Buenos Aires-born artist and illustrator Sofia Bonati‘s works are equal parts natural and surreal.
Her delicate portraits engage the viewer with direct eye contact, drawing them into her mysterious world of patterns and the open outdoors. Growing up in a family of artists initially piqued her interest in art, but through her travels and the influence of other artists, she has developed a style all her own. We caught up with her at home in Argentina (where she has just moved back to from England) to find out more.
Hi Sofia! Tell us a little bit about yourself.
I am a self-taught Argentinian artist living in Buenos Aires with my husband and two children—with another one coming in May! I started my career as an illustrator/artist when I moved to England in 2013, and earlier this year, I moved back to Argentina, but I plan to keep working as I enjoy it a lot.
You grew up with parents who were artists. How did that affect your artistic development?
I think that watching them paint and growing up around art books helped me develop and broaden my artistic interest early on. Even though I studied geology—partly because I was also drawn to the natural world—I never stopped painting, and I inevitably ended up working as an artist.
How did you develop your own aesthetic style?
I always enjoyed drawing people rather than landscapes. Although I enjoy nature, calmness and the outdoors a lot, I’m drawn to observe people’s faces, their expressions. At first, I drew men and women alike. I’m not sure why I ended up creating mostly female portraits. My style used to be caricature-like and surreal; discovering other artists, their techniques and style helped me develop my own.
Most of your work blends women, nature and intricate patterns. What is it that draws you to these motifs?
As I said before, I’m not sure why I ended up drawing women. Regardless, I like that my work has an enigmatic and surreal vibe. I want to create pieces that engage people—not only because they are attracted to them for being visually appealing, but also because they feel they need to unravel something.
What is your creative process like, from your initial idea to the finished artwork?
It’s not always the same. Sometimes the full image comes to mind, I draft it, and if I’m happy, I move to the final piece. Most of the time however, I work on incomplete ideas, drafting again and again, until something I like finally appears. I’m always unsure about what colours to pick, so I tend to work digitally on the palette before moving to watercolours or gouache on the final piece.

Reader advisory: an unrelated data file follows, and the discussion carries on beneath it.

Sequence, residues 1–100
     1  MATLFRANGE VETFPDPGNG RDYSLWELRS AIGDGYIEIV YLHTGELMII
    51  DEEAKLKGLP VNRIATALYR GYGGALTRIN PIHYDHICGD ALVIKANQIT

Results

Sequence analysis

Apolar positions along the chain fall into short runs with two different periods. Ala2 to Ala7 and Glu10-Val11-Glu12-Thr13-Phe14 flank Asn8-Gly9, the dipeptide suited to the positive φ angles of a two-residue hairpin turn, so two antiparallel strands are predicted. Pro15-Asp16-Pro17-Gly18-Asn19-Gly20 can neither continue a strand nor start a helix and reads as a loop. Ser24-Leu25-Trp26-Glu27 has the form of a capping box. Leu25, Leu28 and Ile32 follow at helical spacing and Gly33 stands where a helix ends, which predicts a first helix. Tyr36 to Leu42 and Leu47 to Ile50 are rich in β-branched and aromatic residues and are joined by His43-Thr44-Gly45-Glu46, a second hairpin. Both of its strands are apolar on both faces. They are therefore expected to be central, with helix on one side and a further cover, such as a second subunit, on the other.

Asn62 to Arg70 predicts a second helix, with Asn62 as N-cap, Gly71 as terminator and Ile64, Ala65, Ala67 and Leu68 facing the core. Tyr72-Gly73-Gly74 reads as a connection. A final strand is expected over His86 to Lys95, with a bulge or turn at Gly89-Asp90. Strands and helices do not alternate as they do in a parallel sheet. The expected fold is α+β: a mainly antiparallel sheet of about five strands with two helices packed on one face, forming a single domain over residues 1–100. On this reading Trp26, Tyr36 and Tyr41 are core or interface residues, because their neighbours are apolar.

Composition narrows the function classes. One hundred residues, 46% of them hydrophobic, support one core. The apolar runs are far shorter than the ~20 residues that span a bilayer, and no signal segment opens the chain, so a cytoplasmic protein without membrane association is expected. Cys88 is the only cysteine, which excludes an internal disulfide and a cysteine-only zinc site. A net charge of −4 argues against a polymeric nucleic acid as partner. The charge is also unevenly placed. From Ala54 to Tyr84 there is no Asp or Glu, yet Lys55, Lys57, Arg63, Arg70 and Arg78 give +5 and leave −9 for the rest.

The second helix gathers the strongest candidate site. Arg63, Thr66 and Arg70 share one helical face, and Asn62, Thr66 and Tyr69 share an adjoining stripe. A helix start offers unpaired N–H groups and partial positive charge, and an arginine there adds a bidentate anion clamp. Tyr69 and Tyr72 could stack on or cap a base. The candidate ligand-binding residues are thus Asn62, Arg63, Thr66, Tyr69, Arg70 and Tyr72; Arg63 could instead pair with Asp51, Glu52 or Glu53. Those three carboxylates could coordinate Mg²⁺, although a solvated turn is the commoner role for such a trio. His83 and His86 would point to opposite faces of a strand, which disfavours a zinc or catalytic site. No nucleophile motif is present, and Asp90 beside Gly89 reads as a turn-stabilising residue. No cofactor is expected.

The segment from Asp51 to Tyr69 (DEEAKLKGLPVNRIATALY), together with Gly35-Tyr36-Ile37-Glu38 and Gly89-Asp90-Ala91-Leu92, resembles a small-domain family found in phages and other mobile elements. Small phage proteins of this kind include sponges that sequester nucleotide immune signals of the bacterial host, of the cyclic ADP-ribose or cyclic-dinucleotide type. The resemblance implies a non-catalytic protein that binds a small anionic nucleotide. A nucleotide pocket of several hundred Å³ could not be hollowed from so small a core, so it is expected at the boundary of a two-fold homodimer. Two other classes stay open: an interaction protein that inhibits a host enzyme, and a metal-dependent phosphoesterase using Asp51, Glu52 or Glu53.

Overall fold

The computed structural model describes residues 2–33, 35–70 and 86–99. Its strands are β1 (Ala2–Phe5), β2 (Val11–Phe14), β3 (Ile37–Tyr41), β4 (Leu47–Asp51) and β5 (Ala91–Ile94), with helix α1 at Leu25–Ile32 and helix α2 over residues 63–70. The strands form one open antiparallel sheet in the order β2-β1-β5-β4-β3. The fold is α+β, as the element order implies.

Who are the women in your artwork? Are they from imagination, people you know, or photos you’ve seen?
Most of the time, it’s a mix. I start drawing while imagining a face. If I need to refer to a specific face angle, shade projections or hand positions, I look for reference photos online or take a photo of myself. I end up with a composition, and try not to make a direct copy of anything in particular.
Are there any client projects or collaborations you are excited about right now? And how do you balance client work and your own art?
I’m currently working on a private commission, and I’ll hopefully dedicate the next months to do my own artwork for an exhibition next year. I was involved in a very large project earlier this year so I’m missing being able to work on my own pieces a lot. All in all, I’m very happy with how things are going.
You recently moved back to Argentina from the UK, do you notice the difference of the locations having an affect on your work?
Not yet, but mainly because I hadn’t been able to work on new themes. I’ll have to see how the warm summer weather and the everyday life in Buenos Aires will affect my work.
What has been inspiring you recently?
I can’t say nature—not many woodlands in Buenos Aires! Jokes aside, besides new art that I’ve came across online, I found inspiration in fashion, textiles, nice street shops and the night.
Who are some of your favorite Society6 artists?
Right now, my favorites are Ruben Ireland, Sandra Dieckmann and AITCH.